It is not completely true. Babies develop the lacrimal system at 42 days, in utero. The canals and ducts for tears are formed at 60 days .
At birth, tear production by the lacrimal gland is minimal. Normal tearing develops several days to 2 weeks after birth.
Some 6% of newborns are born with a tear duct obstruction (in some online articles it stated up to 10%, but I think my source is more reliable). The child still produces tears, but they can well up on the eyelid .
Other more serious abnormalities can cause this problem. Duct cysts or hemangiomas can also cause tear duct blockages in more severe cases. Various factors, such as anatomical abnormalities and problems with pumping tears increase the propensity for the disorder in children with Trisomy-21 . As nico has alluded to in the comments, there may be a lag in the development of the physiology of tear production even in non-Trisomy-21 children.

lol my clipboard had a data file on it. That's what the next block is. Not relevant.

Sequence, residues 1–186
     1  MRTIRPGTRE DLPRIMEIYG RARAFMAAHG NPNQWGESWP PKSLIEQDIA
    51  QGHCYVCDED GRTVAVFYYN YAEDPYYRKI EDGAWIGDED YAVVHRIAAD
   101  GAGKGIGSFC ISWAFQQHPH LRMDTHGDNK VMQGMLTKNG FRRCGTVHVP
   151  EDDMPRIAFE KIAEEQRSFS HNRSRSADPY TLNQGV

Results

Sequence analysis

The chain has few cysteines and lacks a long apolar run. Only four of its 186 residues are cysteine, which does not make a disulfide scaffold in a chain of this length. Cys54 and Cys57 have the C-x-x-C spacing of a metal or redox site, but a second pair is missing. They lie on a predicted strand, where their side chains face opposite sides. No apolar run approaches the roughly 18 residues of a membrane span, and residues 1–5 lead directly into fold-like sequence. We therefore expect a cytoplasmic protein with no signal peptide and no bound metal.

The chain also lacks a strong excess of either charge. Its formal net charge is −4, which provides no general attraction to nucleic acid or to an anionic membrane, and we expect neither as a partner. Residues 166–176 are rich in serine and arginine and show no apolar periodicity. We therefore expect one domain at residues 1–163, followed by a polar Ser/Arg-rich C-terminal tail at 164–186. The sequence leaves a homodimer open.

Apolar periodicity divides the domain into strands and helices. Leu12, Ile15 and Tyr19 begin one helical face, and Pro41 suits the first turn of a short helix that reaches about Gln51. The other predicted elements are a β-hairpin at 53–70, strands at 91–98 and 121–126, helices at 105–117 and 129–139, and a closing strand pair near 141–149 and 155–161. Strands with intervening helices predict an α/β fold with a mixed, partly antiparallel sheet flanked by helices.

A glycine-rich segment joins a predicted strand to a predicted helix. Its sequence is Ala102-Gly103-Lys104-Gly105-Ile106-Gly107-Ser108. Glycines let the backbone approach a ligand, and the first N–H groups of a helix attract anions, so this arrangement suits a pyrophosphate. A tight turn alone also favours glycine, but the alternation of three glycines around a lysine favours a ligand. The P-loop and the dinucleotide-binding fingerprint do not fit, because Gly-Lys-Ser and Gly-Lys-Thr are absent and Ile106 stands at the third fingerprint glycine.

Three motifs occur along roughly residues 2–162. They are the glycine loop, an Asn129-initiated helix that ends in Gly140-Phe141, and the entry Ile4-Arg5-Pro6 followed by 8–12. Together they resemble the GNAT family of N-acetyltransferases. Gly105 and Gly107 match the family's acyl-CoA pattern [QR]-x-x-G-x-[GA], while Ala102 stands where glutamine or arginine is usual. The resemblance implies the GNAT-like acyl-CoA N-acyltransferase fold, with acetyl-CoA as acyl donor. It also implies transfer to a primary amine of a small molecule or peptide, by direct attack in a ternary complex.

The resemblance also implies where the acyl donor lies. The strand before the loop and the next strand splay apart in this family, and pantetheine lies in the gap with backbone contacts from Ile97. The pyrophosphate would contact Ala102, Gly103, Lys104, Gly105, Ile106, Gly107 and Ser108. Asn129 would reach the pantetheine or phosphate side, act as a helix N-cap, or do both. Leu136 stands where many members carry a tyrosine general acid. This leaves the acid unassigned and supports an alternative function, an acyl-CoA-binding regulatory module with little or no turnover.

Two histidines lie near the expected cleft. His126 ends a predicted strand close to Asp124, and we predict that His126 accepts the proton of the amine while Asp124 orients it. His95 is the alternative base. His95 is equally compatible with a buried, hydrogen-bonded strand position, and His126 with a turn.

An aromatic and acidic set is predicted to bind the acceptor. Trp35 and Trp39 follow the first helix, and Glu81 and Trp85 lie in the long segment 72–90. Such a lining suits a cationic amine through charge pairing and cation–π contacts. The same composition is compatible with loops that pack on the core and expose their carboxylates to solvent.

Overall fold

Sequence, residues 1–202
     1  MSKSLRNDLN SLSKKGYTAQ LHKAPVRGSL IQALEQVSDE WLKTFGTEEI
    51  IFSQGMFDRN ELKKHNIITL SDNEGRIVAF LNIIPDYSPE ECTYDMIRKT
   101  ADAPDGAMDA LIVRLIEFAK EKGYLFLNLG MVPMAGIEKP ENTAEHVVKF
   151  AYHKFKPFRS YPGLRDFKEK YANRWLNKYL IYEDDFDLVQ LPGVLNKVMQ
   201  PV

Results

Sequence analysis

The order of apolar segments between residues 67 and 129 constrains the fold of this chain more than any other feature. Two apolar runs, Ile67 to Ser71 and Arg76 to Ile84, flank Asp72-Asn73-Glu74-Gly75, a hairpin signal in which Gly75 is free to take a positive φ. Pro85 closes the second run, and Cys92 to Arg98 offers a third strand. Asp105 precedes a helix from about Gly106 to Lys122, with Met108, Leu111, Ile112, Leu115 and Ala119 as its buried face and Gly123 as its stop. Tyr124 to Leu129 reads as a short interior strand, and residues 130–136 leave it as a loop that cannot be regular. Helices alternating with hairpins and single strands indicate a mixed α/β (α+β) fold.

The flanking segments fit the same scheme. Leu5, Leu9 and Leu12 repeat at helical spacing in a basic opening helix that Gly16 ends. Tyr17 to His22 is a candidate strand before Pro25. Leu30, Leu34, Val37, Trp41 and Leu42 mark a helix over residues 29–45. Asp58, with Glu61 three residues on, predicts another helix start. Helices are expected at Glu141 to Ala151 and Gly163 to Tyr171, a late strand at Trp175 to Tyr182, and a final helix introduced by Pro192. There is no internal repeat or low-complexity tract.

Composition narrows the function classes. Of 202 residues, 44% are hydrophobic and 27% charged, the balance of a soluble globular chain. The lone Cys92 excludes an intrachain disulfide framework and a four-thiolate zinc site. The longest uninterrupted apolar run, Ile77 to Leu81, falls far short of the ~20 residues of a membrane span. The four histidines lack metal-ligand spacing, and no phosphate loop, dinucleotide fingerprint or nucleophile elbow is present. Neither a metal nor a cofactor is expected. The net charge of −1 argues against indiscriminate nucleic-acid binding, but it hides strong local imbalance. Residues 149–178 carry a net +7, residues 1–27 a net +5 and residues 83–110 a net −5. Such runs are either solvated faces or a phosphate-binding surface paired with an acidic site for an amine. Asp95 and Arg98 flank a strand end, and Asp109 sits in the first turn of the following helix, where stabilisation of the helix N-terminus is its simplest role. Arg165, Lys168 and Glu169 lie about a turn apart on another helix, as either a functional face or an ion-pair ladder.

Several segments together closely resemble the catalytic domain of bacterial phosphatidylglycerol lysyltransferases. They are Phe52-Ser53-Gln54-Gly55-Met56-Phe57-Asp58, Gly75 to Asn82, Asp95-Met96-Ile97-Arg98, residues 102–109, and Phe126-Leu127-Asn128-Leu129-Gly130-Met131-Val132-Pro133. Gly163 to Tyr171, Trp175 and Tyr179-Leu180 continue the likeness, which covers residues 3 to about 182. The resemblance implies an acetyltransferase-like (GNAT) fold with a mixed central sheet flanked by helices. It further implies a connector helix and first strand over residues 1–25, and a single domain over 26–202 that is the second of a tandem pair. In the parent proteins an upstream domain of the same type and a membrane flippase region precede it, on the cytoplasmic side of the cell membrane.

Thomas K. McInerny, MD, FAAP, ed. 2009. American Academy of Pediatrics Textbook of Pediatric Care. Elk Grove Village, IL. American Academy of Pediatrics, p1706.
M. E. Wilson et al. (eds.), Pediatric Ophthalmology, 2009, pp. 276-284. DOI 10.1007/978-3-540-68632-3_1.